Assembly members Jerry Green (D-Union) and Bonnie Watson Coleman (D-Mercer) Monday announced they plan to introduce a bill that would automatically expunge the criminal records of nonviolent drug offenders who have completed the state drug court program.
The bill (A-2829) would grant automatic expungement of records of a criminal conviction to certain individuals who have completed a sentence to a term of special probation, commonly referred to as the drug court program.
To qualify for an expungement, the person cannot have been convicted of any prior crime or have been adjudged a disorderly person or petty disorderly person on more than two prior occasions; the conviction cannot be for any of the crimes that are ineligible for expungement; and the person cannot have had a previous criminal conviction expunged regardless of the lapse of time between the prior expungement and the completion of the sentence of special probation.
The bill would set forth certain procedural requirements for a grant of automatic expungement. No petition would be required and no fee could be charged for a grant of automatic expungement.
Crimes that are not subject to expungement include: criminal homicide, kidnapping, luring or enticing, human trafficking, sexual assault or aggravated sexual assault, aggravated criminal sexual contact if the victim is a minor, criminal sexual contact if the victim is a minor and the offender is not the parent of the victim, criminal restraint, false imprisonment, robbery, arson and related offenses, endangering the welfare of a child by engaging in sexual conduct, child pornography, perjury, terrorism, possessing chemical weapons, certain convictions for the sale or possession of drugs.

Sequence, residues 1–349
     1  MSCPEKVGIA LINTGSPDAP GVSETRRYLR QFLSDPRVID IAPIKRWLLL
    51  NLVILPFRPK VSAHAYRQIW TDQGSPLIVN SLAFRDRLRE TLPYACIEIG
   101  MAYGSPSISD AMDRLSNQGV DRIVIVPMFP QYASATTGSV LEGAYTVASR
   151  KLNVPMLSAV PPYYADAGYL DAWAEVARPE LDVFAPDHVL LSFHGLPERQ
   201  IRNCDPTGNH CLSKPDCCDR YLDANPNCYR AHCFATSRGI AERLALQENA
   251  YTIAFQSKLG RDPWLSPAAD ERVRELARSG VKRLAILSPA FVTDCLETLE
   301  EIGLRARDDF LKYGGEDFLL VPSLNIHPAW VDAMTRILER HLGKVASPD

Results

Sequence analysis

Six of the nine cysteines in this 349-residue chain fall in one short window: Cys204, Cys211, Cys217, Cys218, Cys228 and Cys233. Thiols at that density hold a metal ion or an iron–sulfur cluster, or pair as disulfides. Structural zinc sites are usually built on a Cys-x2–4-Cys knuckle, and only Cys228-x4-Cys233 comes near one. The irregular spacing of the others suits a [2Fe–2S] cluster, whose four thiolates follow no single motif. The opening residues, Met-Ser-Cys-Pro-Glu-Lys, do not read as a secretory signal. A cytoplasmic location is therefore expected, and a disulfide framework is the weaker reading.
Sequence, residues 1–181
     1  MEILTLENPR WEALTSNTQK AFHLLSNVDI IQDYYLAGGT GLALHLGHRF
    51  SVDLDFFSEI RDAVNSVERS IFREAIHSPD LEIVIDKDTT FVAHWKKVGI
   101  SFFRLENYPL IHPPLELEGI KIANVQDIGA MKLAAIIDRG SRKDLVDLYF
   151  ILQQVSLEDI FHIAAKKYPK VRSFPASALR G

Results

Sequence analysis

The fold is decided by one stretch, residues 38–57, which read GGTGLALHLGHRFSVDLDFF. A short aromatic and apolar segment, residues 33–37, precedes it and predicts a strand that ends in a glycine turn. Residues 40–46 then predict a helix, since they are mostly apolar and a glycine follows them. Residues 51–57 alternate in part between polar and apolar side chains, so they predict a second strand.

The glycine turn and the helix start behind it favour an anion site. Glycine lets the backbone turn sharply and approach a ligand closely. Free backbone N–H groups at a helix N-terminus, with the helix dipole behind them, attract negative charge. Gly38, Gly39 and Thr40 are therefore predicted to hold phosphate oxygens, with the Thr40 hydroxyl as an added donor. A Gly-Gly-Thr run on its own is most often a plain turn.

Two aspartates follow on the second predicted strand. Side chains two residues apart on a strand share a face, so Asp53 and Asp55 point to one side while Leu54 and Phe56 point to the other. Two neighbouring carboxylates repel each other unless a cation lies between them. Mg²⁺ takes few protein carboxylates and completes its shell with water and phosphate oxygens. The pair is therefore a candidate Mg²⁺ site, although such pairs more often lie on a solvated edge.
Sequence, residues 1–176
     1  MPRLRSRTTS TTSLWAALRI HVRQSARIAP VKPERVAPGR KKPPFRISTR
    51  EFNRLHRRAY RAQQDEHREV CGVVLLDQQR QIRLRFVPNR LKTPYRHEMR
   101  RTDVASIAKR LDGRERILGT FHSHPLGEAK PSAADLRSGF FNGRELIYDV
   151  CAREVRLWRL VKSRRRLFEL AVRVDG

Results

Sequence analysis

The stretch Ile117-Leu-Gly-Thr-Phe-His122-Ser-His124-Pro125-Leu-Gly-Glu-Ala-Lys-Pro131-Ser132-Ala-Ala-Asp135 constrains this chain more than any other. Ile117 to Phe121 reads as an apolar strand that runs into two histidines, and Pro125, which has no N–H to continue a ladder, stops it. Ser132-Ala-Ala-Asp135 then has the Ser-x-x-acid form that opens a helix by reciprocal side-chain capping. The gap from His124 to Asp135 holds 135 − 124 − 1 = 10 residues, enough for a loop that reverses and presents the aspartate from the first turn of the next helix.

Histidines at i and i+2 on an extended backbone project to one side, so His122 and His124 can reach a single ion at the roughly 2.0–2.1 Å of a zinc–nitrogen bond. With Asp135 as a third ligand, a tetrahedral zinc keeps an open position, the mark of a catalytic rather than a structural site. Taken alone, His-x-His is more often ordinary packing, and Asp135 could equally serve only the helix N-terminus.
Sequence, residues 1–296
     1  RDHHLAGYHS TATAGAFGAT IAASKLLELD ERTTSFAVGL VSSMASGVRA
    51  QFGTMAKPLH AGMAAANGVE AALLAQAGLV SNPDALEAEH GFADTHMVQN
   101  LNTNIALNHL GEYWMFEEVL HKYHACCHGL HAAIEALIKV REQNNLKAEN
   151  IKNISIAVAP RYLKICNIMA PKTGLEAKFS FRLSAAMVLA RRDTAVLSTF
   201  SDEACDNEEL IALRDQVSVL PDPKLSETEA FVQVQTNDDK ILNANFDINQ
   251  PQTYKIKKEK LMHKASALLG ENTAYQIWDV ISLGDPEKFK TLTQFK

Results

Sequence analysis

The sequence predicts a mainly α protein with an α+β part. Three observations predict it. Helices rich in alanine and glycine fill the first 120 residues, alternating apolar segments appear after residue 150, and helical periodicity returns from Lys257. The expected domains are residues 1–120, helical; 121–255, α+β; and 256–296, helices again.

Additionally, records of conviction for any crime committed by a person holding any public office, position or employment, elective or appointive, under the government of this state or any agency or political subdivision thereof and any conspiracy or attempt to commit such a crime may not be expunged if the crime involved or touched such office, position or employment.
“This bill is about second chances. A criminal record can make it difficult to get a job, an apartment and may even impact financial aid eligibility,” Green said. “The justice system thought these offenders would be better served by treatment rather than prison. This bill continues that support, by giving individuals who have gone through and completed the program the chance to start over and do right without a criminal record holding them back.”
“It’s hard enough to find a job in this economy without a criminal record,” Watson-Coleman said. “Why not give these low-level offenders the opportunity to become productive members of our society? We’re not talking about murderers and rapists; we’re talking about nonviolent drug offenders who have undergone rigorous treatment. Rather than invest in policies that might lead to recidivism and end up costing the state more in incarceration costs, let’s invest in their recovery.”
--TOM HESTER SR., NEWJERSEYNEWSROOM.COM